The carrier aggregation trial was supported by Nokia and MediaTek
At O2 Telefónica’s Innovation Cluster near Berlin, the carrier has successfully aggregated sub-6 GHz spectrum frequencies in a two-component carrier uplink Carrier Aggregation (CA) trial on 5G Standalone. The trial, which was supported by Nokia and MediaTek, is reportedly the first of its kind and achieved a peak throughput of 144 Mbps using the combination of a 20 megahertz carrier on the 1800 MHz band (n3) and a 70 megahertz carrier on the 3.6 GHz band (n78).
Nokia provided solutions from across its AirScale portfolio including baseband, massive MIMO and RRH products, while MediaTek 5G Release-16 M80 modem integrated into the MediaTek Dimensity 9000 flagship chipset.
“We want to offer our customers an optimal 5G experience in their everyday digital lives,” said Mallik Rao, CTIO at O2 Telefónica. “With frequency bundling, we will enable our customers to enjoy faster downloads and uploads in our 5G network in the future. Together with our long-time partner Nokia, we have succeeded in taking this step also for uploads in the 5G standalone network. Carrier aggregation will take our 5G network to the next level and improve the network experience.”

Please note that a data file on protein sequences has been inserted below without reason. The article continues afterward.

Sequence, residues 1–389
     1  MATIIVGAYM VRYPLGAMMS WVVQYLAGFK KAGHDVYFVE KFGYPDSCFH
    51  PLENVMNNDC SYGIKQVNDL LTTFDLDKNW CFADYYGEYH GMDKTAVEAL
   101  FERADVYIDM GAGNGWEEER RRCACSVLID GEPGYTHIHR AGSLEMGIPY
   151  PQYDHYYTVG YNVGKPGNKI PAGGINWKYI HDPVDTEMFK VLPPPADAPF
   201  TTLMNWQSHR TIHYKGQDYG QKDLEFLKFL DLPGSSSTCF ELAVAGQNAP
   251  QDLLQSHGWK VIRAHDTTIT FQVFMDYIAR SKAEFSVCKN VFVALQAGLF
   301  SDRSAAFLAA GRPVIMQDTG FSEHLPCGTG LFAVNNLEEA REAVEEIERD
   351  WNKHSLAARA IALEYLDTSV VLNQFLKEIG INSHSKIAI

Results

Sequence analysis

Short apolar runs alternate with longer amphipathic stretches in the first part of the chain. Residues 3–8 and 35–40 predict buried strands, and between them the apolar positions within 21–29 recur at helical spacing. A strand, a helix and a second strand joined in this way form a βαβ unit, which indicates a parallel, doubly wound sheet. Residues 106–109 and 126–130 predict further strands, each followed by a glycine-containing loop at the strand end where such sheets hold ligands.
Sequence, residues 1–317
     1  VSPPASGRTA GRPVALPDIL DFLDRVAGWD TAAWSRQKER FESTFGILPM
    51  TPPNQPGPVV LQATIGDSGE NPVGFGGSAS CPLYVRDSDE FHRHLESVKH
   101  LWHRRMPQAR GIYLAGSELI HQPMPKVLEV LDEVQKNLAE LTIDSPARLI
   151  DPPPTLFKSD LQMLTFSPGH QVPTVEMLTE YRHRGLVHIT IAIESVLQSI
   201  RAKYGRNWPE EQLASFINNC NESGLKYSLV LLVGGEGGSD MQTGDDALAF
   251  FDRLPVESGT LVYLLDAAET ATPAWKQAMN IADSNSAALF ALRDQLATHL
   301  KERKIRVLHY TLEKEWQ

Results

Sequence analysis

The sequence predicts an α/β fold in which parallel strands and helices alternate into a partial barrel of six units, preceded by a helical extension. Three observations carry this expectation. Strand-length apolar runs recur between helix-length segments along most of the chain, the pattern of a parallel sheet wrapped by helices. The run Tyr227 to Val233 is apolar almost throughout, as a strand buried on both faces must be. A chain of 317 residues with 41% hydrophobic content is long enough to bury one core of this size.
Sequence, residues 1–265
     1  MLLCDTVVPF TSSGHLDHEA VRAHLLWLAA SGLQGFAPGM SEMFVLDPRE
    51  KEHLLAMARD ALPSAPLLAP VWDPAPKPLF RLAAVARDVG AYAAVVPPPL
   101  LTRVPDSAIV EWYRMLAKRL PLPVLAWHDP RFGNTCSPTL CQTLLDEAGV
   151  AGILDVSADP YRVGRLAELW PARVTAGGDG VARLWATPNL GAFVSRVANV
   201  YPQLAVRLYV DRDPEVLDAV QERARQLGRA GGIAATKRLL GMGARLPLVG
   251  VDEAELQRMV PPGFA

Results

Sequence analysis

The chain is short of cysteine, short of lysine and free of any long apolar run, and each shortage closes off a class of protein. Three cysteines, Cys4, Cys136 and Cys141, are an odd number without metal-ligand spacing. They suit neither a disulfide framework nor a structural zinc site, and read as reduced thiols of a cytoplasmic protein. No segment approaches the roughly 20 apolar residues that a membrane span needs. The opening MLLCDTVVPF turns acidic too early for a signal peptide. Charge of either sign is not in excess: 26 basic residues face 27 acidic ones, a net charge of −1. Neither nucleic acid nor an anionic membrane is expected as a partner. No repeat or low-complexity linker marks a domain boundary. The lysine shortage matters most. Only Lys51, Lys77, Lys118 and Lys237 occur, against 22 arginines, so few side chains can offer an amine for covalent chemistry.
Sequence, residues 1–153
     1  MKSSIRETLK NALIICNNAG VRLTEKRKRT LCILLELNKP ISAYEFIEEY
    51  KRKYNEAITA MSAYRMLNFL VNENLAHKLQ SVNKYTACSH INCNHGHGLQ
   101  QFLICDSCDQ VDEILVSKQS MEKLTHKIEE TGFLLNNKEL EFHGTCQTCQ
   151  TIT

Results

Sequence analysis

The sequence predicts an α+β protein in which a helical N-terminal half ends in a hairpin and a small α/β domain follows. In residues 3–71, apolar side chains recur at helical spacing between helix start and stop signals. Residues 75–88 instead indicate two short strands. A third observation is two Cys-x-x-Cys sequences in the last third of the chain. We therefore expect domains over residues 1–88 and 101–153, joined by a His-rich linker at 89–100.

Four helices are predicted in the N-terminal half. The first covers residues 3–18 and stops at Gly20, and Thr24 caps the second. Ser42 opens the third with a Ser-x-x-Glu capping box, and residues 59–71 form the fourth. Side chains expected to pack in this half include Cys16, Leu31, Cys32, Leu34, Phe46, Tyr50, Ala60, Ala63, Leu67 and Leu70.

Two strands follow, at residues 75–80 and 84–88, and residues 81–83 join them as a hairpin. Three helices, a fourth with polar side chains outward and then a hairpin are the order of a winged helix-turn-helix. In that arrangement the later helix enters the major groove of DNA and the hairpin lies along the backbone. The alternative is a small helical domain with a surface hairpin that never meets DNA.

CA allows mobile operators to use multiple sub-6 GHz spectrum channels simultaneously, as a method of increasing the bandwidth and speeds of their 5G networks. In this trial, the companies aggregated bands with different spectrum use techniques — the 1800 MHz band (n3) makes use of Frequency Division Duplex (FDD) mode, while the 3.6 GHz band (n78) uses Time Division Duplex (TDD) mode.
FDD uses separate frequencies for the uplink and the downlink and TDD uses a single frequency for both uplink and downlink, and therefore, they transmit at different times, making it more suitable when paired spectrum is not available. In general, FDD is considered better for coverage, while TDD is better for capacity.
FDD/TDD aggregation provides further network performance enhancements because it creates a sort of goldilocks situation, in which the high-band TDD coverage area can be improved by combining TDD with low-band FDD spectrum, and the TDD spectrum can significantly improve the overall downlink throughput.
“Uplink Carrier Aggregation of FDD and TDD combines frequencies to provide higher data rates and increased coverage, especially at the TDD cell edge and indoors,” Nokia explained in a press release. “This combination can greatly reduce the cost of network construction while improving network coverage and the user experience as well as helping ensure low latency.”